US8385215B1 - System and method for providing testing in an Ethernet network environment - Google Patents

System and method for providing testing in an Ethernet network environment Download PDF

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US8385215B1
US8385215B1 US12270563 US27056308A US8385215B1 US 8385215 B1 US8385215 B1 US 8385215B1 US 12270563 US12270563 US 12270563 US 27056308 A US27056308 A US 27056308A US 8385215 B1 US8385215 B1 US 8385215B1
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test
port
network
bridge
mep
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Lionel Florit
Jose A. Liste
Samer M. Salam
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Cisco Technology Inc
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Cisco Technology Inc
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    • HELECTRICITY
    • H04ELECTRIC COMMUNICATION TECHNIQUE
    • H04LTRANSMISSION OF DIGITAL INFORMATION, e.g. TELEGRAPHIC COMMUNICATION
    • H04L43/00Arrangements for monitoring or testing packet switching networks
    • H04L43/50Testing arrangements
    • HELECTRICITY
    • H04ELECTRIC COMMUNICATION TECHNIQUE
    • H04LTRANSMISSION OF DIGITAL INFORMATION, e.g. TELEGRAPHIC COMMUNICATION
    • H04L43/00Arrangements for monitoring or testing packet switching networks
    • H04L43/08Monitoring based on specific metrics
    • H04L43/0805Availability
    • H04L43/0811Connectivity

Abstract

A method is provided in one example embodiment and includes generating a test port in a network environment, positioning the test port on a network element, associating the test port with a bridge domain, and configuring a maintenance point (MP) on the test port. The method further includes using the MP on the test port for connectivity fault management (CFM) operations at a test level.

Description

TECHNICAL FIELD OF THE INVENTION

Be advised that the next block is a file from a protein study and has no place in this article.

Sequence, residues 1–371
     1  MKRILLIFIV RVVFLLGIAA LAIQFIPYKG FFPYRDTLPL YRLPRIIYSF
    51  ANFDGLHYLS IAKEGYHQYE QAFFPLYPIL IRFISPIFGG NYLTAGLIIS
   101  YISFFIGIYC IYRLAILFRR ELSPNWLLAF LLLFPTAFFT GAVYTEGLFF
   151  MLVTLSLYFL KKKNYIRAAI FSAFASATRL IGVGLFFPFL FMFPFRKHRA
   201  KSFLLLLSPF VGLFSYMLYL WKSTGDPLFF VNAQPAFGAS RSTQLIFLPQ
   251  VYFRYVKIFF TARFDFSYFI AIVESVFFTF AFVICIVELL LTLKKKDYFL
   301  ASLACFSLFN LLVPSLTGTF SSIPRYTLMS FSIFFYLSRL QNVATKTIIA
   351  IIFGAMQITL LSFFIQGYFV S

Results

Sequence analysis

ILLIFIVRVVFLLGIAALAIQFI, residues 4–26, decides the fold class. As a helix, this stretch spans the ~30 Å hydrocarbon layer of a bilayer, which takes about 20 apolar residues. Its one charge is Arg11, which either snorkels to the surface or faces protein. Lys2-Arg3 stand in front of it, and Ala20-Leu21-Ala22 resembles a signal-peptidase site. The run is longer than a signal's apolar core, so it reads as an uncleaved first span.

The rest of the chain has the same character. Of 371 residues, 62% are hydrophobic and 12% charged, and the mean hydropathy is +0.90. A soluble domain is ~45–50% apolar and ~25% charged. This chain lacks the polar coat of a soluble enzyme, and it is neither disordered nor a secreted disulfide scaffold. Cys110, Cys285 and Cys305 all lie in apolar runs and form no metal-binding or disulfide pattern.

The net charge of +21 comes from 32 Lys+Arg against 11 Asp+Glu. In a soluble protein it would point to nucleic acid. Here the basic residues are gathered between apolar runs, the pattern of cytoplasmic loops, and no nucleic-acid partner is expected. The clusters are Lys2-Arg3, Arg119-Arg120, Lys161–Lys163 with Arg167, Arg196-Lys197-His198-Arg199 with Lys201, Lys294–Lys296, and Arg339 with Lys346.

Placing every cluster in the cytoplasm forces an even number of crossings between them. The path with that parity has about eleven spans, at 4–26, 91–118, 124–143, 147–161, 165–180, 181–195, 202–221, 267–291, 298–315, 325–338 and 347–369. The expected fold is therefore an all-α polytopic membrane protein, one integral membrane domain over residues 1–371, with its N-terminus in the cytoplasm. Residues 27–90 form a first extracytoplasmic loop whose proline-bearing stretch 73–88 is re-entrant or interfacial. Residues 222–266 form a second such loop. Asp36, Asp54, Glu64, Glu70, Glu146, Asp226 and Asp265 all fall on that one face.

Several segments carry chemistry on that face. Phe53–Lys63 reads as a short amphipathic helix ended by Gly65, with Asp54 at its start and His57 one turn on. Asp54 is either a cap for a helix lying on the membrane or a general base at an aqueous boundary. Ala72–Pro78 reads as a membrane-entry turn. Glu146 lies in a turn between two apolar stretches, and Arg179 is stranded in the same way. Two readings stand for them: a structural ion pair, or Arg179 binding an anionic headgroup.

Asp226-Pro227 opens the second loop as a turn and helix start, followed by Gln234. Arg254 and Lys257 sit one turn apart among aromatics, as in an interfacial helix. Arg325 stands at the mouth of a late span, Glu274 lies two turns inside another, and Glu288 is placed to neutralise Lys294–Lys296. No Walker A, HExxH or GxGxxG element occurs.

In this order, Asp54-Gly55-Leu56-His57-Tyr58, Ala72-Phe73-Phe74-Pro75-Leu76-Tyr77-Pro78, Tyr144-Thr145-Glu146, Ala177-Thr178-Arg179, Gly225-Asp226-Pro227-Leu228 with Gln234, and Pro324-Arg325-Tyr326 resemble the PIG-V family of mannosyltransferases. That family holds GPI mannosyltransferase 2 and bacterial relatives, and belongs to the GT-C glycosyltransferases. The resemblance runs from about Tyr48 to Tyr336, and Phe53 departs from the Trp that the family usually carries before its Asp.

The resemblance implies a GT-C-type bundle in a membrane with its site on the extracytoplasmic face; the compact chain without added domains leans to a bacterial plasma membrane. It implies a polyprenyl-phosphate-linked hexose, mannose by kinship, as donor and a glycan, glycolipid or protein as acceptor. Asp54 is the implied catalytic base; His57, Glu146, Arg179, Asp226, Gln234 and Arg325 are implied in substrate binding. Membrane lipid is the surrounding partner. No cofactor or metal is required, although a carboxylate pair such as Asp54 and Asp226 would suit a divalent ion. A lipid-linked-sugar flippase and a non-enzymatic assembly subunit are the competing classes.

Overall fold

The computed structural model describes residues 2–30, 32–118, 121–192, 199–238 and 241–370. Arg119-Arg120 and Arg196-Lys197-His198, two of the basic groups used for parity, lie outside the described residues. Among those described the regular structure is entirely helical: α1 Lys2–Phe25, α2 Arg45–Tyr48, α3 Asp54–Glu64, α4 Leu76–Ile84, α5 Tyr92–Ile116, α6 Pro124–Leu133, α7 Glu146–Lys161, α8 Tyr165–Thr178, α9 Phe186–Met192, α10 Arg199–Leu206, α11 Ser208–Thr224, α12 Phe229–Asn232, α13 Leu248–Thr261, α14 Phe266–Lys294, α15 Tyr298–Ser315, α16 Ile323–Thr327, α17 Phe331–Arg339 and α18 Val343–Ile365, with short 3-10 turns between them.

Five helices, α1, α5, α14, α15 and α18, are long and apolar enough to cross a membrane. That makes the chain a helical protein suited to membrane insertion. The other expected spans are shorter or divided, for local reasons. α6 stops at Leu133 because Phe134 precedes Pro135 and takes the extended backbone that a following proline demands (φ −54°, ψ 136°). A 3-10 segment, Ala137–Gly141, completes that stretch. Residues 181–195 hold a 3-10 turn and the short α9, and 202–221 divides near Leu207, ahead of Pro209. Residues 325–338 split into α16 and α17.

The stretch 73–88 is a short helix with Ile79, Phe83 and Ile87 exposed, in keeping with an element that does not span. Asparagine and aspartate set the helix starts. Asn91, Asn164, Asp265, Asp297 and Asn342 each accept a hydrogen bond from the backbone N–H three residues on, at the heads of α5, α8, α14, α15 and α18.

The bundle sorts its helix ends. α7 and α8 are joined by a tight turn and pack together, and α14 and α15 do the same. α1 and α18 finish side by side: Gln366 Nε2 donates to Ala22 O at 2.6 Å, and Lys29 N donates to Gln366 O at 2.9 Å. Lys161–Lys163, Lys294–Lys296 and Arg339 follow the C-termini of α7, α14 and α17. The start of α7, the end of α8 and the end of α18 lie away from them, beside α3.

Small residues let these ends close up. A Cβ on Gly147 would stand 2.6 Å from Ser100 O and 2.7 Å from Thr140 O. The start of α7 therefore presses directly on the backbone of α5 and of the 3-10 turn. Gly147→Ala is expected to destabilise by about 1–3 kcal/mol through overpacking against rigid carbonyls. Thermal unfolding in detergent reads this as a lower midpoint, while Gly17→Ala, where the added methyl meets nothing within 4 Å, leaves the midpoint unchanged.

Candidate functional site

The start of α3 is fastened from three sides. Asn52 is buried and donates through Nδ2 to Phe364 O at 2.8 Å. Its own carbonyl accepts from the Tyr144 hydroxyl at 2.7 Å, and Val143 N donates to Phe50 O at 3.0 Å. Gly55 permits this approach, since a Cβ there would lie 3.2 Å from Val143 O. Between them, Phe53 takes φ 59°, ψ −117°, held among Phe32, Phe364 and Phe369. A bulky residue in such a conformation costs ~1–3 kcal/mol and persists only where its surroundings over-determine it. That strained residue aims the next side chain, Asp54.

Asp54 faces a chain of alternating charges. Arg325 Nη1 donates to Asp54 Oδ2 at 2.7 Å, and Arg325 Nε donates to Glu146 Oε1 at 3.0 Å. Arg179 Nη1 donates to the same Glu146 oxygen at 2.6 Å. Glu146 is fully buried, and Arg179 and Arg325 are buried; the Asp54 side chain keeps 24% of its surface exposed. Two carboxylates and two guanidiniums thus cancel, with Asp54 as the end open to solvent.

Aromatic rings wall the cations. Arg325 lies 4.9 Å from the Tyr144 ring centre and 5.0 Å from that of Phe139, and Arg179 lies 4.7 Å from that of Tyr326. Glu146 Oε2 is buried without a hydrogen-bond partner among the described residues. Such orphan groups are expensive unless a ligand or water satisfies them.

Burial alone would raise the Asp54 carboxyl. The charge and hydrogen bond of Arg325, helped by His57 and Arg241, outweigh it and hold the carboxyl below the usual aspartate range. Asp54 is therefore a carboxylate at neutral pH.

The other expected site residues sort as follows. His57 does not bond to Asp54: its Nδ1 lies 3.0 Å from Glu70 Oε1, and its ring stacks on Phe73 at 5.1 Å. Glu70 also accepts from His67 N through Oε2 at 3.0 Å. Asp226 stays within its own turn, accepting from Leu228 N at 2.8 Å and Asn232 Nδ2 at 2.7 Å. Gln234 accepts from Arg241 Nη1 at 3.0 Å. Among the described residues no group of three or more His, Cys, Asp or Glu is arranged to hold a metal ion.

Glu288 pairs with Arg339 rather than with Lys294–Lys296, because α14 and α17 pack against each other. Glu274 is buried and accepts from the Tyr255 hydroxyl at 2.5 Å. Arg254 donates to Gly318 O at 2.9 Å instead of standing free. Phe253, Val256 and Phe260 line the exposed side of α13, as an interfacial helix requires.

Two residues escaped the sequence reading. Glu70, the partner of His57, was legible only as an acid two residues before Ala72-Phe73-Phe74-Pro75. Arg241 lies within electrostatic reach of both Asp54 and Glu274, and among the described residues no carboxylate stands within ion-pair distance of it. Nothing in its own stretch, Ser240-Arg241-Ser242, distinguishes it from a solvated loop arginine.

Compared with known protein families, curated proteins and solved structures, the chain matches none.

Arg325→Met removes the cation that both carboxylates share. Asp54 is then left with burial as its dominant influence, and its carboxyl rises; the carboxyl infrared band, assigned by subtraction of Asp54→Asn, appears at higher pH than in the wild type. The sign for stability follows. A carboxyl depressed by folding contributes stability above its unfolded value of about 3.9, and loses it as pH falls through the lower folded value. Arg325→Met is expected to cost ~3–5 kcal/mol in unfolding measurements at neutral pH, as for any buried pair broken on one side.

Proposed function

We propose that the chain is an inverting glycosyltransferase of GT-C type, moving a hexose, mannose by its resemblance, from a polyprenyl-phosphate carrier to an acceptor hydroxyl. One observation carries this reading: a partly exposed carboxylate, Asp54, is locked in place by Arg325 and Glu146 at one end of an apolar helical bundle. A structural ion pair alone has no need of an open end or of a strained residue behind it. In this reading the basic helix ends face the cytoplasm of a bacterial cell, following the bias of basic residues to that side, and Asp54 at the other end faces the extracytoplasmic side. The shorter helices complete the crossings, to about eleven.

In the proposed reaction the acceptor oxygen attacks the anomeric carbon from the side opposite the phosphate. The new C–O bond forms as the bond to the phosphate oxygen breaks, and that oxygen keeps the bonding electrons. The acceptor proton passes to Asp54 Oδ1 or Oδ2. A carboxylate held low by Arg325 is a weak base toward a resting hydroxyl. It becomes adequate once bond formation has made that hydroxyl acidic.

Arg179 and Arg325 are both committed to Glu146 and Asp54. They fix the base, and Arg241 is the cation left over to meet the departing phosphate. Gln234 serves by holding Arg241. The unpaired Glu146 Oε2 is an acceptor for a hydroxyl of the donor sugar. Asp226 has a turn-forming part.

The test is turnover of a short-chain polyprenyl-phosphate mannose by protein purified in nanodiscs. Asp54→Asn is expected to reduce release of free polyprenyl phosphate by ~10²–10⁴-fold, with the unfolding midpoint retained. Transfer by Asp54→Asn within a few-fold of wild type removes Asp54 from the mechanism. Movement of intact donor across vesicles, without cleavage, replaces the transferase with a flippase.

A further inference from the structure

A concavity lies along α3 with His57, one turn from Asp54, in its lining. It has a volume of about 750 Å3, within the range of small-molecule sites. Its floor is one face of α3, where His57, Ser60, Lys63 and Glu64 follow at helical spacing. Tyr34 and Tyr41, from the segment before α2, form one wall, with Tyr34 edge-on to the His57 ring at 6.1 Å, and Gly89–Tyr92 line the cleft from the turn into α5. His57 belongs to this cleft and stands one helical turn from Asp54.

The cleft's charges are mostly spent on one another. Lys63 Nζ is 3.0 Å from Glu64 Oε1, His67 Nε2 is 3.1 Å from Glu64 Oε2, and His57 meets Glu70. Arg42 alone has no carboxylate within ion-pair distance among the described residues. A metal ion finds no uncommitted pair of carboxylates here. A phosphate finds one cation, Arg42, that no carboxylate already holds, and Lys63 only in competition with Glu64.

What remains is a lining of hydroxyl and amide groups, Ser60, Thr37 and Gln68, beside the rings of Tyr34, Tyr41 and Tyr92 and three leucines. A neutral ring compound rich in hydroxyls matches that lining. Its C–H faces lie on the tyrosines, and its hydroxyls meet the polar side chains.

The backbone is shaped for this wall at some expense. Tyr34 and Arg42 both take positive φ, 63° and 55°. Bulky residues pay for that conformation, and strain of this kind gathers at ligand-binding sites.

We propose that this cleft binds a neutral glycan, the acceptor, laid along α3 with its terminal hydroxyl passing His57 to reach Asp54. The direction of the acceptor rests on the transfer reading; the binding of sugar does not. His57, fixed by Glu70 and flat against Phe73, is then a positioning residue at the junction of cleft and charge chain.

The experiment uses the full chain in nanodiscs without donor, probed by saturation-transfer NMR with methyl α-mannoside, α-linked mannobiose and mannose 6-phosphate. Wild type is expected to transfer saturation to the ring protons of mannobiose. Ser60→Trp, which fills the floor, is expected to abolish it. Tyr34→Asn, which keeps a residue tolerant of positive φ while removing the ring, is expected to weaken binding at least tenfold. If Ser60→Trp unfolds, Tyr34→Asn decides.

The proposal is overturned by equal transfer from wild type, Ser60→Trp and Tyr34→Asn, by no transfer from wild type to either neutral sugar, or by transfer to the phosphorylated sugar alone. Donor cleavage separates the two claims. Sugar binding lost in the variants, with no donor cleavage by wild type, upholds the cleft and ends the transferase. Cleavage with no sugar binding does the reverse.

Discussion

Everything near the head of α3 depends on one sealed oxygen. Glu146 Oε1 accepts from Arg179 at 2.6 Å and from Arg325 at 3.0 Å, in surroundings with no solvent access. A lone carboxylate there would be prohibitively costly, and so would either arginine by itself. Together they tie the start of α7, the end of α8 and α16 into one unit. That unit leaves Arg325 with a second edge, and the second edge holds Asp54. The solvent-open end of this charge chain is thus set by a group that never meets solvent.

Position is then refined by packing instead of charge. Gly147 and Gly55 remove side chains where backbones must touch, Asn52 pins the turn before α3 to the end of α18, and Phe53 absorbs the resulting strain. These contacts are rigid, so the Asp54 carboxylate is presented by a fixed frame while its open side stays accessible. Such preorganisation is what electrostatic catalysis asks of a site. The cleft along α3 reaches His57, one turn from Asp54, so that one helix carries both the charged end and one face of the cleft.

This invention relates in general to the field of communications and, more particularly, to a system and a method for providing testing in an Ethernet network environment.

BACKGROUND OF THE INVENTION

Networking architectures have grown increasingly complex in communication environments. This complexity has resulted in numerous protocols being implemented to ensure that network elements are functional and, further, delivering packets in an efficient manner. For example, certain carrier Ethernet Service Providers have expressed interest in having the capability to test connectivity to customer edge (CE) devices using Ethernet technology, without impacting the customer's self-use of Ethernet connectivity fault management (CFM).

This effectively would allow the Service Provider to view the service status as the customer experiences it. There is a current movement to standardize these activities in the Metro Ethernet Forum. This emerging standard defines a Customer Level operations, administration, and maintenance (OAM) domain to be used by a test maintenance entity group (MEG). It may require CE devices to implement a test maintenance end point (MEP) (or any other type of maintenance point) that has certain functions disabled by default. The standard leaves it up to the Service Provider to determine where to place the Carrier Test MEP within the network and, further, stops at addressing several significant options.

Thus, the ability to offer a system or a protocol that provides an effective testing mechanism (without hindering system speeds, creating additional unnecessary overhead, or taxing processing capabilities of network components) provides a significant challenge to network designers, component manufacturers, service providers, and system administrators alike.

BRIEF DESCRIPTION OF THE DRAWINGS

To provide a more complete understanding of the present invention and features and advantages thereof, reference is made to the following description, taken in conjunction with the accompanying figures, wherein like reference numerals represent like parts, in which:

FIG. 1 is a simplified block diagram of a communication system for offering a testing environment in accordance with one embodiment of the present invention;

FIG. 2 is a simplified block diagram of a testing model associated with the communication system;

FIG. 3 is a simplified block diagram of an example component of the communication system;

FIG. 4 is a simplified block diagram of virtual components in the test model; and